Back To Business: What UAE Merchants Should Stop Doing Now (And Beyond) The COVID-19 Crisis
Visa's latest study found that nine out of every 10 consumers in the UAE have changed how they pay for purchases, including preferring to shop online when possible (59%).
More than six months have passed since the novel coronavirus became known worldwide, and the challenges of coping with life during the ongoing pandemic continue to evolve.
For businesses, the particulars of COVID-19 have made it exceptionally challenging to respond to the changing needs and concerns of customers.
A virus that spreads through touch and close contact has compelled both small and large enterprises to rethink their every physical interaction with the community, including how they collect payments.
Visa's global Back to Business study, which assessed the financial impact of COVID-19 on small and micro businesses (SMBs) worldwide, found that nine out of every 10 consumers in the UAE have changed how they pay for purchases, including preferring to shop online when possible (59%).
The study, conducted as part of Visa's regional "Where You Shop Matters" initiative to provide merchants with insights that will help them weather the crisis, also found that four out of 10 customers are now avoiding the use of cash (40%), and more than half are using contactless payments (52%).
Whether cash still has a future after COVID-19 remains to be seen, but the outbreak has radically changed how we transact, and merchants urgently need to find ways to reduce physical interaction to accept payments even from cardholders to protect both staff and customers.
Businesses should immediately end any practices that encourages their staff to touch the customer's card(s). Merchants should not require cardholders to produce identification as a condition of accepting a Visa payment product or need to capture a cardholder verification value 2 (CVV2) for card-present and face-to-face transactions. Not only do these interactions increase risk, they are also not permitted under the Visa Rules.
To redesign in-store payment policies to reduce physical contact, merchants should look for new ways to reduce or eliminate the need for customers to physically interact with POS terminals. Some examples of policies that can unnecessarily lead to contact include confirming the transaction amount of a purchase. This is not a Visa requirement, and has no impact on transaction processing or dispute resolution.
Additionally, transaction receipts can be provided electronically rather than on paper –a more sustainable option too– and customers should no longer be required to key in phone numbers or email addresses for loyalty purposes at store terminals. The information can be captured verbally instead, or by encouraging customers to sign-up from home in exchange for incentives.
Nearly all (90%) shoppers polled as part of Visa's Back to Business study said they would switch to buying from a store that installed contactless payment systems, highlighting the critical need for businesses to shift to contactless commerce. Almost three in four consumers said they would no longer shop at a store that only offers payment methods that require contact with a cashier or other shared devices.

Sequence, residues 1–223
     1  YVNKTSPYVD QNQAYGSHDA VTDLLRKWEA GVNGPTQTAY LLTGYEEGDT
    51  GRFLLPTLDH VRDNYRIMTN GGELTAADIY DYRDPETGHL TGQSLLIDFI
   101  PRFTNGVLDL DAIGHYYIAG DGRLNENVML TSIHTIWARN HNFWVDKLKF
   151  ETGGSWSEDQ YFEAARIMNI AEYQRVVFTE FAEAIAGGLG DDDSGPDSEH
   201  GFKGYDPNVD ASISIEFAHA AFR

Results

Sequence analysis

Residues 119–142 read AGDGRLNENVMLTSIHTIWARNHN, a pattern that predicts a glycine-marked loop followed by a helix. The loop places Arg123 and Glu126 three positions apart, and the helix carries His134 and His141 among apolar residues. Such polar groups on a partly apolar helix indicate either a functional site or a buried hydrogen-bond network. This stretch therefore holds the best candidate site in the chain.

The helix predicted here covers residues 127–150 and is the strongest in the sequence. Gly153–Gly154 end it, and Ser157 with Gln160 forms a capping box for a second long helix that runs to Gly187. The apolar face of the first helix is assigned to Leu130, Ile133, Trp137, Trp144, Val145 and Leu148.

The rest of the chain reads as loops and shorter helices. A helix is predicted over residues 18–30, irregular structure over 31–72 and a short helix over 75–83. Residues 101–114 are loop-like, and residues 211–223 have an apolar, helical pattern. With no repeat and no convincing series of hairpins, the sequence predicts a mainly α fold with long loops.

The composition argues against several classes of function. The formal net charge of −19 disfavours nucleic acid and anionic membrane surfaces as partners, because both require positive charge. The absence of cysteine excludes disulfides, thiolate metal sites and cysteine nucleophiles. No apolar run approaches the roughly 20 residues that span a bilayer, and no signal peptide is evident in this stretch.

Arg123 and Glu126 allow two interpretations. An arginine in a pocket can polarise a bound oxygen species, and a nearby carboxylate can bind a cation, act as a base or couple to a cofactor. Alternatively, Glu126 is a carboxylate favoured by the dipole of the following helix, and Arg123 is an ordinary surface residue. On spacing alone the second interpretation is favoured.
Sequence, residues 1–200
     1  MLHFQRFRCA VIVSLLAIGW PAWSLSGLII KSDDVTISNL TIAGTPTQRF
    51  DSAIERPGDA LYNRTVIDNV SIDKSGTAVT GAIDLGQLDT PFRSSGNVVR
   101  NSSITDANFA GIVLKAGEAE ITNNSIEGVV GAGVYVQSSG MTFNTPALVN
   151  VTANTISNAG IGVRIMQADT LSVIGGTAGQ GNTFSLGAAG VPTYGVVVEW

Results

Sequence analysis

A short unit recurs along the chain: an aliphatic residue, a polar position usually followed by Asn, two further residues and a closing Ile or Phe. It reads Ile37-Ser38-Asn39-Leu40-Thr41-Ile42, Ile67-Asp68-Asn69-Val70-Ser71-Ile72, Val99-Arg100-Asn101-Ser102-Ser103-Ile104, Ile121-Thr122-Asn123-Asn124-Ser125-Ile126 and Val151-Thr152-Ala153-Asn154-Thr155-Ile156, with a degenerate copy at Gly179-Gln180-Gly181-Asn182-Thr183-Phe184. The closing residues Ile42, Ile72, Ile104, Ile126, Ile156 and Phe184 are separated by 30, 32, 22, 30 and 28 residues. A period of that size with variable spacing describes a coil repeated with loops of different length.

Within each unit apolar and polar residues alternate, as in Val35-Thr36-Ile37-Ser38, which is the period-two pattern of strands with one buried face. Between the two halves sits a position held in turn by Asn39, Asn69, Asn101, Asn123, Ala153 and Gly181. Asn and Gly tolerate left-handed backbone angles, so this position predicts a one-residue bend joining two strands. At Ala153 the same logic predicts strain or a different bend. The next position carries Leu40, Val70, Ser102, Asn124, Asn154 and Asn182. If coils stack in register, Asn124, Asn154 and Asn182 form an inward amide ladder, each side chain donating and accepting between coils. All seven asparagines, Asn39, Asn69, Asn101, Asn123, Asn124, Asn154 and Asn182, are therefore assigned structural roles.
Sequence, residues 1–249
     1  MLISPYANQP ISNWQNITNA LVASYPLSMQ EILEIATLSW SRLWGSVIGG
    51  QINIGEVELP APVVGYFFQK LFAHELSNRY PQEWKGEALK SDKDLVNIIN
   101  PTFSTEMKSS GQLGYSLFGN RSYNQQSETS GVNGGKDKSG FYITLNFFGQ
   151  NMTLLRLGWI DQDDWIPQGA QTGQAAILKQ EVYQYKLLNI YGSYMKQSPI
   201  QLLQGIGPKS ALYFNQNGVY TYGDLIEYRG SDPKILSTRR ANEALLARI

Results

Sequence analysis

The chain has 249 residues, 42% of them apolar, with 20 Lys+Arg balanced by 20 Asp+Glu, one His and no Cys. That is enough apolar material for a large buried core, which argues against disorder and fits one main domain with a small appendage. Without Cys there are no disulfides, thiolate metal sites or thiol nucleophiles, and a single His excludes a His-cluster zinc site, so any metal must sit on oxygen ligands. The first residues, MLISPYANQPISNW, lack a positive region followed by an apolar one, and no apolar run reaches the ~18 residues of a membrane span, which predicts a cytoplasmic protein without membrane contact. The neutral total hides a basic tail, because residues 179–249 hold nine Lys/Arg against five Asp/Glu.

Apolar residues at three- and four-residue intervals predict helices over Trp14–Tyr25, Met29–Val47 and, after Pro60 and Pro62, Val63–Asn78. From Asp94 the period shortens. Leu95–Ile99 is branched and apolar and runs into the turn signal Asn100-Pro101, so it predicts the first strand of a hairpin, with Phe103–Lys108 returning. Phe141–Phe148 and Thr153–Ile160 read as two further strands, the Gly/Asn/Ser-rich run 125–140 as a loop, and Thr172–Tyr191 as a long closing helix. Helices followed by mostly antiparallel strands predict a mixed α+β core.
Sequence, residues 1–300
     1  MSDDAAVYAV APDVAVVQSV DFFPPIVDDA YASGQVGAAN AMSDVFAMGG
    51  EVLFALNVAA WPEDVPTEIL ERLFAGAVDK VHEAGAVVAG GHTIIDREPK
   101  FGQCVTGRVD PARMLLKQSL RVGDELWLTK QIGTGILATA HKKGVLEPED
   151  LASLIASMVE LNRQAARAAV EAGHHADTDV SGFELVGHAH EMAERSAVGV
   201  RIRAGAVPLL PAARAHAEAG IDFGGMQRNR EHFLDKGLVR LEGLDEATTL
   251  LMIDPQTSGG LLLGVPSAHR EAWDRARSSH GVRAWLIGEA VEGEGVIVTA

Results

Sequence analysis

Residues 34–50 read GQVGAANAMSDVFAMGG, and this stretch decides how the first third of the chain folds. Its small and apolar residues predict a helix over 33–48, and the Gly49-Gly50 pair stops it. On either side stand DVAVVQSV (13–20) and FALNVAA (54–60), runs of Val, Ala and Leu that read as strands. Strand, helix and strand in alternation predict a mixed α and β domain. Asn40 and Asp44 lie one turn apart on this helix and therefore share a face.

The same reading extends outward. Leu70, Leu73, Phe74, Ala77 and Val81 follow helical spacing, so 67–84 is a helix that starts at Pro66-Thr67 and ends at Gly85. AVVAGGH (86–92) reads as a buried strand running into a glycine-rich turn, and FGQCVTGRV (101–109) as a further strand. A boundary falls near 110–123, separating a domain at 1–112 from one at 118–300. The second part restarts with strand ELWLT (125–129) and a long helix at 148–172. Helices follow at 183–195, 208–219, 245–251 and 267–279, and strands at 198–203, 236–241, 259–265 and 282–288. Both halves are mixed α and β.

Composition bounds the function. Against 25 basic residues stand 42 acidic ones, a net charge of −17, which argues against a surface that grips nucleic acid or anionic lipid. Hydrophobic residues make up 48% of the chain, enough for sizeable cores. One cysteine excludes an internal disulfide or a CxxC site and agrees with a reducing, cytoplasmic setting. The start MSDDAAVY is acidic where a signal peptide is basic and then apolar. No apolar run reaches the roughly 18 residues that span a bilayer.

To make the shift, small businesses can consider options like Tap to Pay, which enables payment between contactless-enabled cards or payment-enabled devices thereby reducing the physical interaction with POS terminals. Merchants can further reduce risk by positioning their contactless POS terminals in a customer-facing orientation and within easy reach of the customer, in order to enable a contactless transaction without any need for the merchant's staff to handle the customer's card.
Another way to reduce cardholder interaction is to use the Visa Easy Payment Service (VEPS), which eliminates the need to capture a CVM (signature, PIN, or consumer device cardholder verification method) for transactions up to a certain amount. VEPS helps create a seamless checkout experience for cardholders and, because no CVM is captured, reducing the need for customers to touch POS terminals.
Meanwhile, using EMV® chip technology and EMV-capable devices (i.e., tap, dip, and swipe) can also help merchants reduce or eliminate the need for physical interaction at points of sale. Merchants deploying EMV chip technology for transactions conducted via all interfaces at EMV-capable devices are not required to capture and validate a signature.
If you're weighing up whether making the move to contactless will help your business not only during COVID-19 but also beyond, consider the many ways contactless payments could help you, including that it offers customers a fast, easy, safe and secure payment experience at checkout. It may also lead to a lasting overall growth in tap to pay transactions, and –most importantly– that it significantly reduces exposure of your employees and customers to each other by allowing your customers to pay without contact.
A report from management consultancy Kearney found that some 80% of consumers in the UAE have shifted their shopping habits in response to the outbreak. More than half stated their intention to maintain the altered habits even after government measures are fully relaxed.
These altered shopping behaviours, if carried over post-pandemic, could have a major impact on how merchants do business in the future, making it important to consider once the economy begins to return to normal- or establishes a new state of normalcy.
It's safe to expect a crisis on this scale will change the world permanently. Merchants will need to continue to evolve their coping and resilience strategies as the crisis continues.
For more insights, tools and resources, small business owners and sellers can also access Visa's Small Business Hub, a merchant platform launched as part of Visa's regional "Where You Shop Matters" initiative.